Article
Sorry for the play on words. Couldn't resist.<br><br>Even though the headline's kind of funny, power distribution is no laughing matter, right?<br><br>In
 major commercial and industrial construction, getting your electrical 
distribution network is a vital part of the job. Face it … everything 
runs on electricity.

Could Busway Be the "Besway" for Power Distribution?

Steve Maurer, IME
Sorry for the play on words. Couldn't resist.

Even though the headline's kind of funny, power distribution is no laughing matter, right?

In major commercial and industrial construction, getting your electrical distribution network is a vital part of the job. Face it … everything runs on electricity.

Everything.

According to several case studies and the accompanying research, busway can be installed with only 40% of the labor time required for similar installations using conduit and cable.

That's a huge savings in both time and money, right?

Part of the reason for that savings is that busway segments comes preconfigured from the factory, based on your specs and drawings. Not quite "plug and play." But darn near close to that.

And the busway installation doesn't require cutting and threading pipe. Or bending it to fit (or bending another piece because the first one was off an inch).

Sure, you may still need to work a little conduit magic for some of the branch circuits and such. But the main power trunk lines are almost a snap.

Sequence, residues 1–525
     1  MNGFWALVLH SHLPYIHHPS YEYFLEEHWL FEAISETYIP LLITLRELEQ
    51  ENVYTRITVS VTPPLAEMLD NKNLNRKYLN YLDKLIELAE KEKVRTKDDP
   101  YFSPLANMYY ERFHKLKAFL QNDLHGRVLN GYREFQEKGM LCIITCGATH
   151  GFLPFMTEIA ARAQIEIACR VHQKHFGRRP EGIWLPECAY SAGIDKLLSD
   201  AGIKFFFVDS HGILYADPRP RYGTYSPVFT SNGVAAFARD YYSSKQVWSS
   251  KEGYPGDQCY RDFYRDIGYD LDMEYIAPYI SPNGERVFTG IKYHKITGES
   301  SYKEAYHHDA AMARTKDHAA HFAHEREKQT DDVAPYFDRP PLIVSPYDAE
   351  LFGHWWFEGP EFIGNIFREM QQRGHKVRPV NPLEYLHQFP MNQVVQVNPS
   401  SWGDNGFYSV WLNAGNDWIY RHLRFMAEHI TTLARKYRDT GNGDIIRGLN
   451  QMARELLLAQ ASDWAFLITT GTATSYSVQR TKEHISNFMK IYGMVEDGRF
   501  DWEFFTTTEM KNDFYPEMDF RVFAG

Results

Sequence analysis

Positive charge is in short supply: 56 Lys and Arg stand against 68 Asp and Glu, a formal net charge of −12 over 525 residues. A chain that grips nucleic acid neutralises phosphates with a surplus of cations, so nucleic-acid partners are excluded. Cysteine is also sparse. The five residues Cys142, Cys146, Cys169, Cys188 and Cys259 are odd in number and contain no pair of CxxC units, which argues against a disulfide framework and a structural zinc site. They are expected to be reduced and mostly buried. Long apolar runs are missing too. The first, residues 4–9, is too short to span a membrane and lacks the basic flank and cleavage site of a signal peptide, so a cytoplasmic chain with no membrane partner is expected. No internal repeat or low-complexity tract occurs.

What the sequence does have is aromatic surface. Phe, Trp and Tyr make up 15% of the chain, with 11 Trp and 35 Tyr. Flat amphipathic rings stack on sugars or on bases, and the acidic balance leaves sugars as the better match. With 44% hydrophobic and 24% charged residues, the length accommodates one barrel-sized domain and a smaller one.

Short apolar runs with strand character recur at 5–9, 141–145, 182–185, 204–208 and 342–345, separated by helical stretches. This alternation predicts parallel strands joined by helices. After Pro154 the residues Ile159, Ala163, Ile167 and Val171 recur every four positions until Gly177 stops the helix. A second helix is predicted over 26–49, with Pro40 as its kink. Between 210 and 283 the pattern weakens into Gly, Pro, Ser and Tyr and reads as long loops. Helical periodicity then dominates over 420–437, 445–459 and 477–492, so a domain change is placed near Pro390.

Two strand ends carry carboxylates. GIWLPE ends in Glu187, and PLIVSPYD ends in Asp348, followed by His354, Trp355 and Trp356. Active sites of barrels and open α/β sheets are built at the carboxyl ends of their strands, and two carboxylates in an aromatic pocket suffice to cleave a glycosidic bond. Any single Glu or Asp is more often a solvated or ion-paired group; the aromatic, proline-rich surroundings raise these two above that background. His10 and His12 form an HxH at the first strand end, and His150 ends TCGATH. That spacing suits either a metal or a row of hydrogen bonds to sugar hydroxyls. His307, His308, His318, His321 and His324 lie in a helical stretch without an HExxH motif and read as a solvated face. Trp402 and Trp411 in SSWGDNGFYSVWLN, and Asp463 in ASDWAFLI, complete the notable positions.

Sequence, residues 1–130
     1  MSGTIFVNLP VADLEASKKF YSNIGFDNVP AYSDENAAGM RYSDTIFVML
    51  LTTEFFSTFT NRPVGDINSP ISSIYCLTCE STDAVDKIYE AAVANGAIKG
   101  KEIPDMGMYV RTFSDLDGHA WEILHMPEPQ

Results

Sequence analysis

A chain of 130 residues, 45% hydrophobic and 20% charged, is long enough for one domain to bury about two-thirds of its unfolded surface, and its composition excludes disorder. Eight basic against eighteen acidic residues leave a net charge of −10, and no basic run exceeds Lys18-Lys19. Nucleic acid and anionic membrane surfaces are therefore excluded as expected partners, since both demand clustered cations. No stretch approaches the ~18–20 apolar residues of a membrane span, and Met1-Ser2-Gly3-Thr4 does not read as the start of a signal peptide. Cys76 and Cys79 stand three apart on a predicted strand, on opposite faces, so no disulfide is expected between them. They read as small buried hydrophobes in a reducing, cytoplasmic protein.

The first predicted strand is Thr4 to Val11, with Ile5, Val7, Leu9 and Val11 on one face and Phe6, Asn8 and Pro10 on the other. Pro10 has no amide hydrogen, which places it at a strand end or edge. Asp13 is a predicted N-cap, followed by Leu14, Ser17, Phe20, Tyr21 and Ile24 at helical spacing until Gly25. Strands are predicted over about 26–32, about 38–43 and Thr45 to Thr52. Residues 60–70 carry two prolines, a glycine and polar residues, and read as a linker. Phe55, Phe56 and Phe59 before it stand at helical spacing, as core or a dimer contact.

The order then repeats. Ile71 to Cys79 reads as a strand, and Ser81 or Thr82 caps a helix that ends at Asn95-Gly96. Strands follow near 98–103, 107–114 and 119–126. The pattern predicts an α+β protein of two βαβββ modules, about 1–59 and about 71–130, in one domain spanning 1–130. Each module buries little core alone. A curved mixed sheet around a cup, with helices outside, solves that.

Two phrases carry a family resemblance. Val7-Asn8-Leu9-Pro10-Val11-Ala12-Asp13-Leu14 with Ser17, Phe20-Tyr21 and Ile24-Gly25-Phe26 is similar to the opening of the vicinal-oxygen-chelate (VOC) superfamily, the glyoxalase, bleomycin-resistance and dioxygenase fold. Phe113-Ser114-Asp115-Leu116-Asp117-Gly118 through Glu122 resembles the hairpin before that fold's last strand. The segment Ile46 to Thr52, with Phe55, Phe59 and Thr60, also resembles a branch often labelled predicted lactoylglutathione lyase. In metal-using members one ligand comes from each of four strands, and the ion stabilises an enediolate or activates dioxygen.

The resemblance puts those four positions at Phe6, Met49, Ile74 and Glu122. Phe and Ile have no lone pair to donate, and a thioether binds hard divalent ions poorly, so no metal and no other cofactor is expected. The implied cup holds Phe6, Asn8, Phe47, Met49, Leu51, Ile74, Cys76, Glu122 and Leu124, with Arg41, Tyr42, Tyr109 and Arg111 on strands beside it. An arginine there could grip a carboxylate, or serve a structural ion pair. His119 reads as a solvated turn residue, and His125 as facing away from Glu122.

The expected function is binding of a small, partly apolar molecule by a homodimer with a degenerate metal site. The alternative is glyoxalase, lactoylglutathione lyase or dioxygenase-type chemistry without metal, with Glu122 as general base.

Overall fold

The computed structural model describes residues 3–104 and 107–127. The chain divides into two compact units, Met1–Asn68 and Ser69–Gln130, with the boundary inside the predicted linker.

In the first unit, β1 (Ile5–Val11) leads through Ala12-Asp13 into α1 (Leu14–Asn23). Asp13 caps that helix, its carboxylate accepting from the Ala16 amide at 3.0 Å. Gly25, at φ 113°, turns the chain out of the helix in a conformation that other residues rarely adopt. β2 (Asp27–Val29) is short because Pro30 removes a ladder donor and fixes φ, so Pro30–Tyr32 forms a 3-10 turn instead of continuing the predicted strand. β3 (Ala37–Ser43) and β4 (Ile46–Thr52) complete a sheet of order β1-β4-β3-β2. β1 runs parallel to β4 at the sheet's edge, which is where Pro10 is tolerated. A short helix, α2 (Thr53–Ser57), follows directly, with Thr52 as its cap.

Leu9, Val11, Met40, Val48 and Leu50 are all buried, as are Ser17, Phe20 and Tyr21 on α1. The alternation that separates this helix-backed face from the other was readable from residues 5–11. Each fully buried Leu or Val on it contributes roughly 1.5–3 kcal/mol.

Speaking of "snap," how about reconfiguration?

Things have a habit of changing, you know.

Branching off in a new direction?

As you're well aware, processes change all the time. That often involves installing new equipment or moving existing machines. Just recently, I was involved in a chiller upgrade that entailed moving pumps and other equipment to new locations.

Some pump conduits needed to be rerouted. Still other pieces required a new run from the MCC and power panels.

That meant a lot of time and labor was expended, not to mention that a fair amount of scrap was generated.

I read a case study about a data center that used busways for their power distribution. Because they're continually upgrading and expanding, a system that would grow and change with them was necessary.

Traditionally, power cables are run under the flooring and moved around to accommodate changes. Not only is this unwieldy, but the heat generated from the cabling is problematic. And if data cables are also installed below the floor, separation of the power and data cables is necessary.

By going to an overhead busway, these challenges were answered.

For example, the system was engineered with receptacle bus plug doors at strategic locations along the busway. When a new piece of equipment was installed, the door was opened (and its design kept it finger safe), a receptacle module was installed, and the new equipment powered up.

Bus plugs for receptacles and other equipment added more versatility to the system without turning off the power or sacrificing safety protocols.

The overhead installation freed up valuable floor space.

Bus plugs make it happen

With busway installations, bus plugs are engineered to accept modules designed for cable drops, direct wired flex drops and other configurations. The ports for them are designed into the busway segments.
And since the modules can be controlled by switches, with either fuse or circuit breaker protection, downtime is minimized, if not eliminated.

Since busways can be specified for indoor or outdoor use, you can used them almost anywhere you can imagine.

Granted, a busway may not fit the bill in every situation. There will always be a need for us old conduit bending jockeys.

But … busway distribution is definitely something to check into on your next new project or power upgrade.
Photo courtesy of Eaton
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